Informa’s MWC Round Up – Day Two

Thomas Wehmeier, Principal Analyst at Informa Telecoms & Media comments on all the major news from day two of Mobile World Congress.

Neelie calls Vittorio’s bluff as war of words between operators and regulators intensifies

Neelie Kroes today issued a stern warning to Vittorio Colao, Vodafone and the wider European operator community with an unexpectedly personal riposte to Vodafone complaints about “auto-pilot regulation” in the European telecoms marketplace. Vittorio Colao used his presentation during yesterday’s keynote session to deliver strong criticism of the European regulatory approach and followed up with a clear threat to withhold future investment without greater clarity and predictability from regulators.

Colao’s comments will have resonated amongst the operator-dominated audience at Mobile World Congress, but it is hard to sympathise with the operators whilst data roaming prices continue at their current levels. Kroes response was to call the operators’ bluff. She promises to deliver much-demanded spectrum, but only if operators move faster to align roaming prices with the levels that prevail in domestic markets.

It’s clear that Kroes has grown tired and frustrated at waiting for the operators to act and has now publicly revealed her hand. The regulation of wholesale rates that operators imposed by Kroes have helped to lower prices, the price of using data overseas remains excessively high and consumers perception remains very much that data pricing is extortion.
There is a distinct irony that whilst data prices have lowered at glacial speeds in the roaming market, the operators have dropped allowed domestic data pricing to drop too quickly and too sharply. The stark contrast between the price of a megabyte at home and abroad only serves to intensify customer frustration.

Same old, same old

The focus of the morning’s keynotes switched to emerging markets with a session involving senior executives from Bharti Airtel, Telenor and Telefonica. The microscope may have moved away from developed markets today, but the operators’ messages remained very much in line with those from yesterday. There’s a huge appetite for data, but operators are struggling to meet the demand because they don’t have not enough spectrum and they suffer from unpredictable regulation.

In contrast to yesterday’s session though, there was more insight to keep the audience engaged today. In fact, there was a refreshing degree of honesty in the session as the operators underscored the challenges of operating in ultra-low ARPU markets. Most interestingly, the CEO of Bharti Airtel, Sunil Mittal, laid bare the difficulties it has faced in making a success of its acquisition of Zain’s African subsidiaries. The acquisition had been built on the promise of transposing Bharti’s industry-leading cost base from India into Africa, but it has found that the practice is much harder than the theory. The unique characteristics of operating in the tough African environment inflate OPEX and African markets have not typically seen the expansion of the middle class that has so helped to fuel growth in India. The operators has also struggled with price inelasticity meaning that even when prices have dropped, there’s been little or no resultant increase in usage. Any costs saving made from falling prices is not spent on additional voice minutes, but on the more basic necessity of putting food in mouths, Mittal explained.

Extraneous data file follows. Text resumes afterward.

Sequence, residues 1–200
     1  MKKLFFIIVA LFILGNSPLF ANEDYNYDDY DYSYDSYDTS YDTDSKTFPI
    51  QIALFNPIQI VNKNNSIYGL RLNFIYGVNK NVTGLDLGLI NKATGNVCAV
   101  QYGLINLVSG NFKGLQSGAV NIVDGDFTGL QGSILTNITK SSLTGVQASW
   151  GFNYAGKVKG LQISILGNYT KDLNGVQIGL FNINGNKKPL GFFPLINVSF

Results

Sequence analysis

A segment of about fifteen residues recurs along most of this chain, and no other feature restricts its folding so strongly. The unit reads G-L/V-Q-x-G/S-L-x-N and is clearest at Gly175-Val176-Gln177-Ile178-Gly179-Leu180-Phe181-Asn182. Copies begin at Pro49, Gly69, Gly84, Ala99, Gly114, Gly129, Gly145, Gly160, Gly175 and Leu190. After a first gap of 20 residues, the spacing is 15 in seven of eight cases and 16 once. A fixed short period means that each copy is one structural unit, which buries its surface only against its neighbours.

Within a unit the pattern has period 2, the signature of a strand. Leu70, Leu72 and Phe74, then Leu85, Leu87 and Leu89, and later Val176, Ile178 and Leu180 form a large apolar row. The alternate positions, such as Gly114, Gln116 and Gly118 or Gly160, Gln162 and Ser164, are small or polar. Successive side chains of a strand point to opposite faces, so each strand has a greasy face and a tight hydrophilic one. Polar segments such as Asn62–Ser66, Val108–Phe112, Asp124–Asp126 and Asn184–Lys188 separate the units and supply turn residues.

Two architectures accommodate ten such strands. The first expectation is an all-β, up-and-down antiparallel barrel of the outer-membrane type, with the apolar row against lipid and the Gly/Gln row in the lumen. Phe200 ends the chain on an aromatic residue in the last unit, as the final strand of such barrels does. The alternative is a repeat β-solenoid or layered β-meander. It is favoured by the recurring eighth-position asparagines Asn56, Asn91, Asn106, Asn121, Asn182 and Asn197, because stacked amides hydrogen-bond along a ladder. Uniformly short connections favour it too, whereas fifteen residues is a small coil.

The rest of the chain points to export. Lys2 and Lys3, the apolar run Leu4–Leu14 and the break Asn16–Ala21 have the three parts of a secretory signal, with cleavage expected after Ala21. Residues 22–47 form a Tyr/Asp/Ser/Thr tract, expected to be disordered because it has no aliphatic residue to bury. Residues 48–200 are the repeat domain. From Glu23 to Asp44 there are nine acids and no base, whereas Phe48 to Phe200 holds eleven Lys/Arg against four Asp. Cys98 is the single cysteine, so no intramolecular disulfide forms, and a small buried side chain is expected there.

“We have to be able to tax the highways”

The announcement of a partnership between Telenor and Wikipedia is just the latest in a growing list of partnerships between operators and high-profile content players, but today’s keynote also highlighted the fact that relationships between industry giants are still fraught. In a repeat of discussions from the past couple of years, Mittal raised the prospect of a “Google Tax”. The quote speaks for itself: “If we have to build the highways, we have to be able to tax the highways”. What form such a “tax” would take and how it would be implemented was not clearly articulated, but the discussion itself leaves us all in no doubt that the operator community still hasn’t fully got its head around how best to build balanced relationships with large content players.

We want (really) cheap smartphones

The emerging markets players also used the platform of the keynote session to issue a call to arms to the GSMA to proactively accelerate the decline in smartphone costs by resurrecting the ultra low-cost handset initiatives of previous years for the smartphone market. Smartphone penetration may be approaching the 50% in the US and developed European markets, but in India and across many African markets, it’s lagging far behind. Indeed, 5% penetration was the level mentioned by the operator panel. The operators believe that whilst the networks are ready and deployed to support future smartphone growth, the device prices are still too high. To general agreement from fellow panellists, Bharti outlined the fact that whilst smartphone prices are indeed falling, it’s not happening nearly quickly enough to drive rapid smartphone adoption. According to Qualcomm, every $10 drop in the price of smartphones can open up an addressable market of 100 million new potential smartphone users and it’s exactly that sort of market opportunity that’s likely to attract a lot of potential bidders to any new tender the GSMA may initiate on the operators’ behalf.


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